Friday, March 7, 2014
By RICHARD WURFEL
PORTLAND — As a matter of statistics, most Maine workers will never experience a workplace injury that requires more than immediate or temporary medical attention. Most will not be injured or become ill resulting in lost time from work.
Like all other states, our workers' compensation law provides limited wage replacement and medical benefits to employees injured or becoming ill arising "out of or in the course of our employment." As workers, it is our exclusive remedy.
Most people do not know that comp laws are also known as the "compensation bargain," or nicknamed by many labor advocates "employers' protection acts." In exchange for assured and limited coverage by employers, workers do not have the right, under any circumstances, to sue an employer even in the face of that employer's negligence.
Occupations with workers experiencing the worst workplace injuries and illnesses are varied and include but are not limited to firefighting, law enforcement, emergency medical services and nursing, as well as logging, construction and truck driving.
I have had the privilege of serving as a lay advocate for and assistant to firefighters and other workers injured on the job for over 30 years. It has not been an easy task, because injured workers face a myriad of hardships and hurdles that extend well beyond their careers into their personal lives. Those who are the most injured often face a grave battle with their employer's insurance companies to be awarded the benefits they deserve. I have also spent countless days, as have many others, battling in Augusta when insurance companies have repeatedly tried to raise their profits on the backs of Maine workers.
Maine has had a "workers' compensation act" in various forms since 1915. The most recent changes, in 1992, were the result of a bipartisan process and have been generally acceptable to both labor and employers since that time.
Now comes the 125th Maine Legislature. In its first session, lobbyists hired by workers' compensation insurance companies authored a bill that included a 19-part attack on workers' benefits. Badly injured workers testified at a hearing on the bill that lasted for over eight hours.
After some study, an amended version of the bill was introduced by the executive director of the Maine Workers' Compensation Board. This version pared down the 19-point version and was being considered by a committee, until last Wednesday, when to the shock of labor advocates, a totally new version of the bill was presented without any notice to anyone with only days to go in this legislative session.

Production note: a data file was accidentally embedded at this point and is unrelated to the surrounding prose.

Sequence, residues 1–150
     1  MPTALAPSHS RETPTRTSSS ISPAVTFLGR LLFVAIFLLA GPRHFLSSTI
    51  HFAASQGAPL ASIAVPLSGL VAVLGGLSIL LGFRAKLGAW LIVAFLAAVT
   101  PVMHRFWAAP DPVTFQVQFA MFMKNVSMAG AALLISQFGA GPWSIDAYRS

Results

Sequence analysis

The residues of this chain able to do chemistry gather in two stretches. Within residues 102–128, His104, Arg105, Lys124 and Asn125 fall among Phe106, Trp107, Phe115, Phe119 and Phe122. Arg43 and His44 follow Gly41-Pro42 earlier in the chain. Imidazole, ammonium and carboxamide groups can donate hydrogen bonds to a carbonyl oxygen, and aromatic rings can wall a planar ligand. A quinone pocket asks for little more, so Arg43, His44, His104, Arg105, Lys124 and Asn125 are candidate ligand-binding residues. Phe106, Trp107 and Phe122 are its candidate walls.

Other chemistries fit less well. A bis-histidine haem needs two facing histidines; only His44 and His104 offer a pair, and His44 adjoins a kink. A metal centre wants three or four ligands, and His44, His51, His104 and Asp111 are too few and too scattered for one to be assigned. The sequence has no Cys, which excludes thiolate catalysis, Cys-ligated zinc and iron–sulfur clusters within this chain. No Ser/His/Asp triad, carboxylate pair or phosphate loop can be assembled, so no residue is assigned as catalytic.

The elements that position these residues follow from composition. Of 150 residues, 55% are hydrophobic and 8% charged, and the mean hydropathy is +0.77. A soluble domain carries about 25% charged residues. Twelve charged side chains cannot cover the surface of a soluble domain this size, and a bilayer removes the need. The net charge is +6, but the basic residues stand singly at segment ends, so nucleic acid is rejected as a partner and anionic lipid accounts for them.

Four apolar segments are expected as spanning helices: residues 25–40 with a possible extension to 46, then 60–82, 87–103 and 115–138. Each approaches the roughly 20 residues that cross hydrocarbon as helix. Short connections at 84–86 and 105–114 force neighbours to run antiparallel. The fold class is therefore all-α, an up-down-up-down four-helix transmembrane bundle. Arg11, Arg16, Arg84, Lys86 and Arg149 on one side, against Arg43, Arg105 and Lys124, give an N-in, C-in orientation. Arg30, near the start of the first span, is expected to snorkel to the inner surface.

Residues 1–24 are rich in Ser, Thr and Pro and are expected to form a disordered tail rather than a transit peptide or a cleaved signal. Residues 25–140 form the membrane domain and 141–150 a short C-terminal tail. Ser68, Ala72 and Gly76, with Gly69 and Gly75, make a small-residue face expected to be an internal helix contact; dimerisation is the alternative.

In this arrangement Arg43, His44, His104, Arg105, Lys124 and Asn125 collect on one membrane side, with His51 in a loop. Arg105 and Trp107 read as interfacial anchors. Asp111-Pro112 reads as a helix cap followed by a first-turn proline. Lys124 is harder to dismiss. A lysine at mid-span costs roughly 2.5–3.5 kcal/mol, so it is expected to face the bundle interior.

This final version will hurt the class of injured employees who are the second worst of the injured and ill. They are those employees who could be your sons and daughters, mothers and fathers, relatives and friends, or who could be yourself.
The new version of the bill would end benefits for the aforementioned workers after 520 weeks unless they could "jump" through a ridiculous and nearly impossible set of "hoops." Most of them would not be able to physically jump anyway, because the bar for their permanent impairment rating would be raised from the present 12 percent to 25 percent. These are in many cases the amputees, wheelchair-bound -- including workers rendered paraplegic -- as well as public safety employees suffering from traumatic stress injuries because of their exposure to critical incidents during their careers.
In order to seem palatable, it slightly raises the benefit for all injured workers. This slight increase for all will come at the expense of this second most severely injured population, who after their benefit period expires will be left out in the cold.
If this bill is passed, it may serve employers in the form of lower rates, but more importantly, it will be a windfall for insurance company profits. Incidentally, since the 1992 changes, employer's comp insurance premium rates have fallen by nearly 56 percent. In October and November of 2011 alone, rates dropped 7.5 percent. But now the insurance companies want more.
Labor workers comprise the backbone of our Maine economy. Public safety workers keep us safe. When young people choose careers in the labor or skilled labor trades, they should have an expectation of protection if they are injured or become ill. If they are injured badly enough and are unable to finish their work life in their chosen career, they should be protected. The present law provides that protection. Our collective conscience should not allow for a reduction of the present benefit level.
Labor advocates maintain hope and faith that Maine legislators share that conscience, in their last week of service as elected senators and representatives, and give this bill the appropriate and conscionable "thumbs down."
Richard Wurfel was a Portland firefighter from 1977 until 2010 and now serves the Portland Professional Firefighters Association, Local 740, IAFF as the staff assistant to the president for workers compensation and health insurance.
-- Special to the Press Herald